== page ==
Franchising in Australia - The New Franchising Code of Conduct
Recap of Australian Franchise Regulation
Franchising in Australia continues to be primarily regulated by the Franchising Code of Conduct (the Code), which is found in the Competition and Consumer Industry Codes - Franchising Regulation 2014 (Cth). The Code is administered and enforced by the Australian Competition and Consumer Commission (ACCC), which investigates alleged breaches of the Code and takes enforcement action in appropriate circumstances.
The Code contains mandatory disclosure obligations for franchisors. Franchisors must provide a comprehensive disclosure document to all prospective franchisees, renewing franchisees, and, upon request, existing franchisees. A disclosure document must also be provided to an existing franchisee if the franchise agreement is materially amended. The Code sets out the specific information that a franchisor must provide to franchisees, including extensive details of the franchised business and its operating history.
The prescribed form of the Australian disclosure document is found in Annexure 1 of the Code. All Australian disclosure documents must be in this format. (The ACCC's recommended format for the Australian disclosure document is quite useful. It may be found on the ACCC's website -https://www.accc.gov.au/.) Due to the fact that the standard form Australian disclosure document varies substantially from the form of franchise disclosure document prescribed by the Federal Trade Commission Rule, U.S. franchisors cannot simply tweak their domestic disclosures to achieve compliance with the Code.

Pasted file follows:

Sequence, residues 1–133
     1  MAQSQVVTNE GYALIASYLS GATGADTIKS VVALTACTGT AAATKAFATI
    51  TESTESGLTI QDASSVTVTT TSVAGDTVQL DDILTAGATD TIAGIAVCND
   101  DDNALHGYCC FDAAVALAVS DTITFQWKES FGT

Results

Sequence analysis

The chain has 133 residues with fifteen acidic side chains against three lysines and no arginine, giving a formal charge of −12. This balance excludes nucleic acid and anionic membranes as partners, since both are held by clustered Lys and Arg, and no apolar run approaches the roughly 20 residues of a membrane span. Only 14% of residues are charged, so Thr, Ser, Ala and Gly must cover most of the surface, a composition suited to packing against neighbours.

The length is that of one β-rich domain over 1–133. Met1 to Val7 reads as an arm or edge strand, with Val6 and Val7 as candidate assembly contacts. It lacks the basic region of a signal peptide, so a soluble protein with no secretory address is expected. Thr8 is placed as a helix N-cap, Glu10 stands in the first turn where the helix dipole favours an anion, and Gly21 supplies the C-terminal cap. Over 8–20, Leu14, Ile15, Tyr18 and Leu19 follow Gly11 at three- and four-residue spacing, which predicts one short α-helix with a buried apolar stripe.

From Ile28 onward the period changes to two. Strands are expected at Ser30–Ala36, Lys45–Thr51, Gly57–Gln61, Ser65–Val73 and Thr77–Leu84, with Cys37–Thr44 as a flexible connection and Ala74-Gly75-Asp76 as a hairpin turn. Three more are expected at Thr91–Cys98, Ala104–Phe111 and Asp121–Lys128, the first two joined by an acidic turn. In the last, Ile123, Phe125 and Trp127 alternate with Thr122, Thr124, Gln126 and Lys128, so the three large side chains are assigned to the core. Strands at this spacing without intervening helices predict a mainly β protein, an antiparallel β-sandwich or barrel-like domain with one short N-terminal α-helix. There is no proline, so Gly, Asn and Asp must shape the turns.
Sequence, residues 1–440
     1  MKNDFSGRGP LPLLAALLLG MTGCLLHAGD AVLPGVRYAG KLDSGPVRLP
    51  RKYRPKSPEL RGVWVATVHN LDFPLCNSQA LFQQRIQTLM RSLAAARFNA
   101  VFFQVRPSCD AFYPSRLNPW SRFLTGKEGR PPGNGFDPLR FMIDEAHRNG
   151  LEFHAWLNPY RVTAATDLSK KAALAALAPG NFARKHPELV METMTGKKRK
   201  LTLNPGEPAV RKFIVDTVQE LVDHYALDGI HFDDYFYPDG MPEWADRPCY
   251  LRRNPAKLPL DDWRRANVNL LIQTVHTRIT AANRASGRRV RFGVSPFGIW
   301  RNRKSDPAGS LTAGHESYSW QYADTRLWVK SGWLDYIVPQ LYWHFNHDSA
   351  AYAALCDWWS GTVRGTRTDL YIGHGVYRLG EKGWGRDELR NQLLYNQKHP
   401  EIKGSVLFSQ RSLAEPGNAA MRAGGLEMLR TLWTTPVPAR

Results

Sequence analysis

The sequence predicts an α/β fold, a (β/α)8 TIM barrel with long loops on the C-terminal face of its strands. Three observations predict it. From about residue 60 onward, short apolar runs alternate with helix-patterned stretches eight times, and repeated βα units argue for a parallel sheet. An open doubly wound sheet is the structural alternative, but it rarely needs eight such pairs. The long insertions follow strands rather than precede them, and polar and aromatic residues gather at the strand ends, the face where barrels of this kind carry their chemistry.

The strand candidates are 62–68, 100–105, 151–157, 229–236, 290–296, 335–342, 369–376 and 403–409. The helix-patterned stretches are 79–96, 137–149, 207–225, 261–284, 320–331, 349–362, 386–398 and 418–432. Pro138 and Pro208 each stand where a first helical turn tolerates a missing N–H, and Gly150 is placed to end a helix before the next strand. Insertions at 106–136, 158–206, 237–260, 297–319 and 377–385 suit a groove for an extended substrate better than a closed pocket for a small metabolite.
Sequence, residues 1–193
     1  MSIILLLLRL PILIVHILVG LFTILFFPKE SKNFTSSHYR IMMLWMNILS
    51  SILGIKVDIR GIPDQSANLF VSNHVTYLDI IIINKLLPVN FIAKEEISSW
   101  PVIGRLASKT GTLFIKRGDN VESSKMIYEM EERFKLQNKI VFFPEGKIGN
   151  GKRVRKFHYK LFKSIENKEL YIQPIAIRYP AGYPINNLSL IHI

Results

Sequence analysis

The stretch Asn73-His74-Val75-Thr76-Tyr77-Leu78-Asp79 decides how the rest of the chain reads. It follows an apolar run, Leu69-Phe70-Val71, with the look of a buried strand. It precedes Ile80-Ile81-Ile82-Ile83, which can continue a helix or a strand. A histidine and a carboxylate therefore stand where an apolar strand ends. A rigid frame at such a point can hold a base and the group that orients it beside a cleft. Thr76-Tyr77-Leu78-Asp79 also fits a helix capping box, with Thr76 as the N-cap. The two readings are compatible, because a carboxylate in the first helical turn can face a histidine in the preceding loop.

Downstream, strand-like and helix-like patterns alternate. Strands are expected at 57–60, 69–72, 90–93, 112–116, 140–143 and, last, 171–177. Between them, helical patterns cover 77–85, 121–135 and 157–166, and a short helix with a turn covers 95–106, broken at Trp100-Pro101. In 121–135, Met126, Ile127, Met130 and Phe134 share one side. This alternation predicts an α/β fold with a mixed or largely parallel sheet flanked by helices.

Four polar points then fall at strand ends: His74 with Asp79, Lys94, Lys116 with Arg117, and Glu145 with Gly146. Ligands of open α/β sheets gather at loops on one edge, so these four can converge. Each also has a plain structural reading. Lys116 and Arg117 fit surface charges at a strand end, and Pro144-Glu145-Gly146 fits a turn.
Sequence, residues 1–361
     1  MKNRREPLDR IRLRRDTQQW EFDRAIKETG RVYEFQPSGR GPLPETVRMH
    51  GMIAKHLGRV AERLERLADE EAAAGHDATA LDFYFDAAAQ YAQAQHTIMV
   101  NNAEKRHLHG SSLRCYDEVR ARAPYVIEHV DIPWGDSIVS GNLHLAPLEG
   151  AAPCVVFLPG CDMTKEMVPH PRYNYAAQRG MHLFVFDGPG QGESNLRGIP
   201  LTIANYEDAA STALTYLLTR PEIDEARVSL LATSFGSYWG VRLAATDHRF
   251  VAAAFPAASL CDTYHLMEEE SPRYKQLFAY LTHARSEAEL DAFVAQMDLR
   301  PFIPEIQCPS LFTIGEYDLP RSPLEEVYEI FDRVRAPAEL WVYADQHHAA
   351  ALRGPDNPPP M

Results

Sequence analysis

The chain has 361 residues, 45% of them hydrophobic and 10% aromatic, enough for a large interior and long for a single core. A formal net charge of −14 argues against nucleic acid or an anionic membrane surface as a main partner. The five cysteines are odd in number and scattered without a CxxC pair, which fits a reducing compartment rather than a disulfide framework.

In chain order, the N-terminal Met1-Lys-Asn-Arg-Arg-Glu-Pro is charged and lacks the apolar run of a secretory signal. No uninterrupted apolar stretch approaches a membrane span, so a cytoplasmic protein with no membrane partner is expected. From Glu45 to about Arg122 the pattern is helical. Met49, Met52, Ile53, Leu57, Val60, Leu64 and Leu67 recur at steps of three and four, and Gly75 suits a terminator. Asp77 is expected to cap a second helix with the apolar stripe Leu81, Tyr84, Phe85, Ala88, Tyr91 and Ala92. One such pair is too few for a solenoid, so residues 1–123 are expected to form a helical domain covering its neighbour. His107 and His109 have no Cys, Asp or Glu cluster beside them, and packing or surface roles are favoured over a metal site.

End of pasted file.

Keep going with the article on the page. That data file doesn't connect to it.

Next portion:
Franchisors must strictly adhere to certain initial and ongoing disclosure requirements, including:
- providing the disclosure document to a prospective or renewing franchisee at least 14 days before the franchisee signs the franchise agreement;
- ensuring that the disclosure document is accompanied by a copy of the franchise agreement in the form in which it is to be executed - not the template form of agreement as in the U.S.; and
- receiving an executed receipt from the franchisee, stating that the franchisee has had 14 days to read and understand the disclosure document before signing the agreement.
The disclosure document must be updated annually within four months after the end of the franchisor's fiscal year.
The franchisor must provide an existing franchisee a current disclosure document within 14 days after the franchisee's written request (this request may only be made once every 12 months.) Consequently, even if the franchisor is no longer offering franchises in Australia, it will have to update its Australian disclosure document if an existing Australian franchisee requests a copy.
In addition to disclosure obligations, the Code sets out certain requirements relating to franchise agreements, including:
- a franchisee may terminate the franchise agreement within seven days after the earlier of entering into the agreement or making any payment under the agreement; however, these cooling-off rights do not apply to renewals, extensions, or transfers;